Four by Flash is a new writing challenge that started in January, somewhat similar to NaNoWriMo. 4xFlash was designed to keep writers writing all year long, and the challenge goes as such: You pledge to write four flash fiction stories per week, four weeks in a month, four months out of the year. Flash fiction is typically defined as under 1000 or under 500 words, and my stories were written to keep as close to 500 words as possible. I only pledged to do one month, but it was one of the most productive months of my life, NaNo included. I’ve decided to share some of my flash here. The stories range from mild to explicit, across m/m, f/f, and het pairings, and not all of them are romance or erotica. Attached is the first story I wrote for 4xFlash.
He gave it to me before he died. The mirror was a simple thing, not so much bigger than a shoebox, in an unadorned frame. To most people, it would seem like the kind of mirror one would have over one’s dresser, something for fixing hair and makeup, for slotting in an earring or ensuring a necklace was centered, for adjusting a collar or tie. But not to my grandfather. Not to my father. And not to me. I knew better, and I was determined not to let it ruin my life the way they had let it ruin theirs.
As a child, I believed the mirror to be the most wonderful, precious gift in the world. My grandfather would sit me on his lap and tell me stories of what he could see when he looked into its glass.
“Ah, Annie,” he’d whisper in his rough Irish brogue, the accent he couldn’t shake after more than three decades of living in the States, “there are riches and gold in the hills. Beauty more vast than you can imagine. There’s something special out there for us. Just you wait and see.” He had never stopped working for that.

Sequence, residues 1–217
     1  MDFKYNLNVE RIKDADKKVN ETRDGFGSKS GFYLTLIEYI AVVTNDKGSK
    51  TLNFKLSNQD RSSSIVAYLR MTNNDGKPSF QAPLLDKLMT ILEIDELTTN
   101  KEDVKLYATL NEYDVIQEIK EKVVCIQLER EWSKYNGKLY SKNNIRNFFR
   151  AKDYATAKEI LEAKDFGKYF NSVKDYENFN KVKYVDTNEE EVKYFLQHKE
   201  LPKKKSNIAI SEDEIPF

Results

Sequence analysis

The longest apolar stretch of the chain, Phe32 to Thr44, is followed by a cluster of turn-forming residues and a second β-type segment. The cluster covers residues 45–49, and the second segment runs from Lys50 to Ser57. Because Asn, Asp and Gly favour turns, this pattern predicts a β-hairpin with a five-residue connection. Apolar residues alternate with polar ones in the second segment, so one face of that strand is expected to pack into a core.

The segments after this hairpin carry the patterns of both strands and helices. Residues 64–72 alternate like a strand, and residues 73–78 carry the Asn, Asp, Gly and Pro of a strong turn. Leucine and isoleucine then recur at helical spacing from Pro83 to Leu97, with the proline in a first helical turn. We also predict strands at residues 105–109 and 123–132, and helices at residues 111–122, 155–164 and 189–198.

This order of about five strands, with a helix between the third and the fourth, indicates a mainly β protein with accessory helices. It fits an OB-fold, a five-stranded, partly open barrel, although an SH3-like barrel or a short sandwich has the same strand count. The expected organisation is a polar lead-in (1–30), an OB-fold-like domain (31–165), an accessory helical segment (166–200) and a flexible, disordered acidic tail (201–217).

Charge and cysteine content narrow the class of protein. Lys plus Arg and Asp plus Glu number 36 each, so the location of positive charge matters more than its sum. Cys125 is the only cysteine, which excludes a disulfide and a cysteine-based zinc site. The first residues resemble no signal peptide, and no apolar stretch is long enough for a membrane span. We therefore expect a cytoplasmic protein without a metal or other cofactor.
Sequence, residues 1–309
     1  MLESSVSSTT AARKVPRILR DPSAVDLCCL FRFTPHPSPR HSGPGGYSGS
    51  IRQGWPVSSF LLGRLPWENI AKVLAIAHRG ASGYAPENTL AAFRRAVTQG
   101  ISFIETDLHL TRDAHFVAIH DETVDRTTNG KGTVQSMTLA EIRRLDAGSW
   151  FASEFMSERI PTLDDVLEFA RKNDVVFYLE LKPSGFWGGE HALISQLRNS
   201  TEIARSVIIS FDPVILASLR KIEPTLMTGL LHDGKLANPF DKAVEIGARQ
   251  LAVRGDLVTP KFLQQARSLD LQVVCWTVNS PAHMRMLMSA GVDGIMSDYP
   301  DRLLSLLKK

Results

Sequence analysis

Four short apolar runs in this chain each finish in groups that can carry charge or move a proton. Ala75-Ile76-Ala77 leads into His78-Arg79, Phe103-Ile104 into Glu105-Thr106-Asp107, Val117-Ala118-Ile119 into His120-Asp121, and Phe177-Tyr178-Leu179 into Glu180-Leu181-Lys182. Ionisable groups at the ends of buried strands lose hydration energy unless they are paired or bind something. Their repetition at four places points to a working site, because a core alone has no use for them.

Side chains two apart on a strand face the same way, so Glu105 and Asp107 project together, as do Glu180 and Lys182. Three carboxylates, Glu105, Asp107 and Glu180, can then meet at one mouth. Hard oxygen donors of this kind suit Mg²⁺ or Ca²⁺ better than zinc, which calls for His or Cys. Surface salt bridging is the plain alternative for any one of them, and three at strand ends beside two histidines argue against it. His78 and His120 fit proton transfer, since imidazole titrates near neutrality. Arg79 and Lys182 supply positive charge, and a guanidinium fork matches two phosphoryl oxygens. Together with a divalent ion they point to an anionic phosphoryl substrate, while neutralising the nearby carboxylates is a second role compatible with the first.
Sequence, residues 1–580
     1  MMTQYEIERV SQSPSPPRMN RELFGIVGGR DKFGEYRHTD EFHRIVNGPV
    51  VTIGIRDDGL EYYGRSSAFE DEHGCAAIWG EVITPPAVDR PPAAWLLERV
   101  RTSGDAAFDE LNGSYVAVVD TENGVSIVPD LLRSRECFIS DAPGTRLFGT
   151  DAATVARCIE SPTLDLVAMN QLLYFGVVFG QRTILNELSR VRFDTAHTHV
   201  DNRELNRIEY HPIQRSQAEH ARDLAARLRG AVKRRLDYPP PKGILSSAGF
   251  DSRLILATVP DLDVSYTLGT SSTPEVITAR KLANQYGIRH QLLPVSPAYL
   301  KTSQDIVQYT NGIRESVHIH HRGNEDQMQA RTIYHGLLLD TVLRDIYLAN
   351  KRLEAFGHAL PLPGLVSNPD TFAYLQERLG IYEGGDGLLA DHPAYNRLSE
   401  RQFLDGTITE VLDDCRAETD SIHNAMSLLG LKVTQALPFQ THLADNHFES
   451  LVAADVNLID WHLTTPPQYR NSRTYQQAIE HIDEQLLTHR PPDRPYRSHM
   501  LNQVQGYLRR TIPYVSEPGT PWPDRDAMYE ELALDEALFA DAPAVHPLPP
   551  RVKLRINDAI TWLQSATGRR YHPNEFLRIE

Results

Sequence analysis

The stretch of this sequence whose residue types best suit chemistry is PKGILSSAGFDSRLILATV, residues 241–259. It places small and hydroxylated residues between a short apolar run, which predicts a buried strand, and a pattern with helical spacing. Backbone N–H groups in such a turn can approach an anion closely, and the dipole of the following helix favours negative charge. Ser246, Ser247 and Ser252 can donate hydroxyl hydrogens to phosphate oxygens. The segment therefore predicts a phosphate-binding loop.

My father hadn’t quite been so idealistic. After my mother died, he’d stare into the mirror for hours, trying to divine just what it was telling him. If I asked he’d sullenly tell me that I wasn’t old enough to understand, and he’d send me off to get him another beer.
The mirror had caused more harm than good, of that I was certain, but what I didn’t know was what exactly I would see when I finally looked into the mirror myself. That was the magic, of course. This mirror had been in our family for generations, and only one living person could see into it, could see its depths and read its secrets. When the seer died, the veil lifted from the eyes of the mirror’s heir. The day my father finally drank himself to death was the day I’d be allowed to look and finally see, but I didn’t look that day. He had given it to me months before, wrapped in heavy burlap, sandwiched between wood panels, and slid securely into a box. I had tucked it underneath my bed and left it hidden there ever since, not daring to venture a look. I wasn’t sure I wanted to know, really.
A week passed, a month, two, before I finally gathered my courage. With some cautious effort, I hefted the box from its hiding place and tentatively propped the mirror on several pillows. Carefully, I peeled back the thick cloth, took a deep breath and opened my eyes. I stared into the mirror in disbelief.
Staring back at me was the image of myself, whole, beautiful, undamaged. No burn scars. No battle wounds. Nothing to remind me of the terrible fire that took my mother’s life and destroyed my childhood home. I burst into tears.